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Blair Calls for Regime Change in Iran and Syria

From the Times of London: Exclusive: Ten years on, Blair says Iran is the real enemy

Tony Blair backs regime change in Iran and Syria and warns the West of a long and hard struggle to defeat terrorism and the flawed ideology that supports it. The former Prime Minister, in an interview with The Times to mark the tenth anniversary of 9/11, blames Tehran for helping to prolong the conflicts in Iraq and Afghanistan long after the allies’ initial victories. He suggests that the West must be ready to use force against Iran if it pursues its nuclear ambitions. “Regime change in Tehran would immediately make me significantly more optimistic about the whole of the region,” Mr Blair, who is international peace envoy for the Middle East, said.

The piece is behind a paywall, so only the first paragraph is available for free, but it does contain the key portion quoted above (but there is a lot in the quote).

First, if one’s job description includes the phrase “international peace envoy” it is rather odd to be calling for the use of force against a specific country, not to mention calling regime change in multiple countries.

Second, the amount of force needed to dislodge Iran from its nuclear ambitions continues to strike me as far, far too costly to even contemplate.  Further (and this is Foreign Policy 101):  if western states and their spokespersons are going to constantly threaten Iran in public, this only serves to incentivize them to acquire more military power.  As I have noted before:  it is not lost on the Iranians that having a nuclear weapon radically increases the general respect a state commands on the international stage.  For example:  no one talks about invading North Korea (and, indeed, rarely make calls for regime change, for that matter).

Third, while I have a normative preference for liberalization and democratization in both Syria and Iran (especially Syria of late, given the brutal way that the Assad regime has treated its population of late), the degree to which  these things can be forced is highly questionable.  Call it the Dirty Harry Rule:  a state’s (or groups of states) gotta know its/their limitations.*  I thought that Iraq and Afghanistan would have taught that lesson, but apparently it hasn’t sunk in in all quarters.  Even a case like Libya, which appears to have resulted in the overthrow of a dictator, is too incomplete to inform this discussion (not to mention very different cases than Syria or Iran).

Fourth, given the volatility in the region (the story of the Arab Spring is still being told, and the end of the tale not yet known), policies from outside the region to foment regime change could very easily create far more problems than they might solve.  Again:  isn’t Blair supposed to be a “peace envoy”?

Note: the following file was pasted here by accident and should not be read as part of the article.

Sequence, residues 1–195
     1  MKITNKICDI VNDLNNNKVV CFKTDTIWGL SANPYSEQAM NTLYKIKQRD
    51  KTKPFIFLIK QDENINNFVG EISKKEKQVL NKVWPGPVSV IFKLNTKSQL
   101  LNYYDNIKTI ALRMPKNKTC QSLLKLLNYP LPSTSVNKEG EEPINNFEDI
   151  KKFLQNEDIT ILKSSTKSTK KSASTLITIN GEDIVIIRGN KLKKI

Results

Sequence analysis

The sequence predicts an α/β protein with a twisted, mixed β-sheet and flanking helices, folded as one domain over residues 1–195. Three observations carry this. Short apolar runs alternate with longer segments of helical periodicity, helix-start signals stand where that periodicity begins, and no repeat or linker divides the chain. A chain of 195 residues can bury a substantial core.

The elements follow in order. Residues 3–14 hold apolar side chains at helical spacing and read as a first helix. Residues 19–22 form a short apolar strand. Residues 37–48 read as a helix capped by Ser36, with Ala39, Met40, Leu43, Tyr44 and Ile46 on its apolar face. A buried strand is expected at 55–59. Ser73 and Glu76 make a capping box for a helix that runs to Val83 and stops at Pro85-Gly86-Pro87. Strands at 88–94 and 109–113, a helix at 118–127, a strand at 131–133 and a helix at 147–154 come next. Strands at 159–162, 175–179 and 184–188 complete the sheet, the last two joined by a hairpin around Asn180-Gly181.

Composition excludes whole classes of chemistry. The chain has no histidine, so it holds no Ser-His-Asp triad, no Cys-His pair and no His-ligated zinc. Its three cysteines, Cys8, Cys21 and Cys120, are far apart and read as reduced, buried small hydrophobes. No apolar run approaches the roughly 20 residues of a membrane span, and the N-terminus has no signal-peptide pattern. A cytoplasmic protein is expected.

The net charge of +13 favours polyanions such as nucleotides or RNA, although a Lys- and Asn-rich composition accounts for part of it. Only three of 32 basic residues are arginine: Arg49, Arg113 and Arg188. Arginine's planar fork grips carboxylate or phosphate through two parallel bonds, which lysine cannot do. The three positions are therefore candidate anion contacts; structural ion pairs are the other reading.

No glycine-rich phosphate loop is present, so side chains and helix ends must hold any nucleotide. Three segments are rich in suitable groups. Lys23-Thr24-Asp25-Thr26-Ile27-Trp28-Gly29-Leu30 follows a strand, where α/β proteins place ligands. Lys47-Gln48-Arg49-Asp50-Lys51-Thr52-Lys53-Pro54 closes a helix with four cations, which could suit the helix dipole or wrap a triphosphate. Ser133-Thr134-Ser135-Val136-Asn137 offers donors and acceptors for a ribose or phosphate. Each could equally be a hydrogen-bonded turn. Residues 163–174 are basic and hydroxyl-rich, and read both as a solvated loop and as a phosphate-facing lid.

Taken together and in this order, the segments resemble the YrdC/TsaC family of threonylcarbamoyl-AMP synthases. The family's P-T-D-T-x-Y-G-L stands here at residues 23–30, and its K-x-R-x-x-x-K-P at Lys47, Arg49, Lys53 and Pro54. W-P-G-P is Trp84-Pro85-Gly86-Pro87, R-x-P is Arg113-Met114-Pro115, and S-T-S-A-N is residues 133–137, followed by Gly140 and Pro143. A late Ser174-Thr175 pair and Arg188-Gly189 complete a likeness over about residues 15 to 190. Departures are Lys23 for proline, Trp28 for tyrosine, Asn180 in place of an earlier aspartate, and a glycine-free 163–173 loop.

One wonders if the logic displayed in the quote above isn’t a politician still trapped in trying to justify decisions made almost a decade ago, rather than the best policy advice looking forward.

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*And yes, I am skewing old.

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About Steven L. Taylor
Steven L. Taylor is Professor of Political Science and Dean of the College of Arts and Sciences at Troy University. His main areas of expertise include parties, elections, and the institutional design of democracies. His most recent book is the co-authored A Different Democracy: American Government in a 31-Country Perspective. He earned his Ph.D. from the University of Texas and his BA from the University of California, Irvine. He has been blogging since 2003 (originally at the now defunct Poliblog). Follow Steven on Twitter

Comments

  1. Idiot says:

    Not every “peace envoy” is a successful as Neville Chamberlin was. At some point, it’s fair to conclude that some nations have no desire to peace and their continued course will only lead to destruction and death.

    Like or Dislike: Thumb up 0 Thumb down 0

  2. ponce says:

    Iran’s tiny 2.5% of GDP military spending is dwarfed by its neighbors:

    https://www.cia.gov/library/publications/the-world-factbook/rankorder/2034rank.html

    Let’s be honest here for a sec.

    Iran is hated not because it’s going to attack anyone, but because it’s an ideological challenge to the West;’s (and Israel’s) hegemony over the Middle East.

    Like or Dislike: Thumb up 3 Thumb down 0

  3. Lyn says:

    “Tony Blair backs regime change in Iran and Syria and warns the West of a long and hard struggle to defeat terrorism and the flawed ideology that supports it.”

    Mr. Blair should concentrate on removing the dangerous Muslim fanatics from his own country.
    The UK needs mass deportations now. It won’t happen though.

    Furthermore Iran has been – unfairly – a target of the West for decades. Iran has been crippled by sanctions too. It is remarkable that they continue to survive. Their country is not responsible for the quagmire that is Afghanistan. Iran actually has been supporting Afghan refugees – 1 million or more at times – ever since the Russian invasion 3 decades ago.

    Like or Dislike: Thumb up 0 Thumb down 1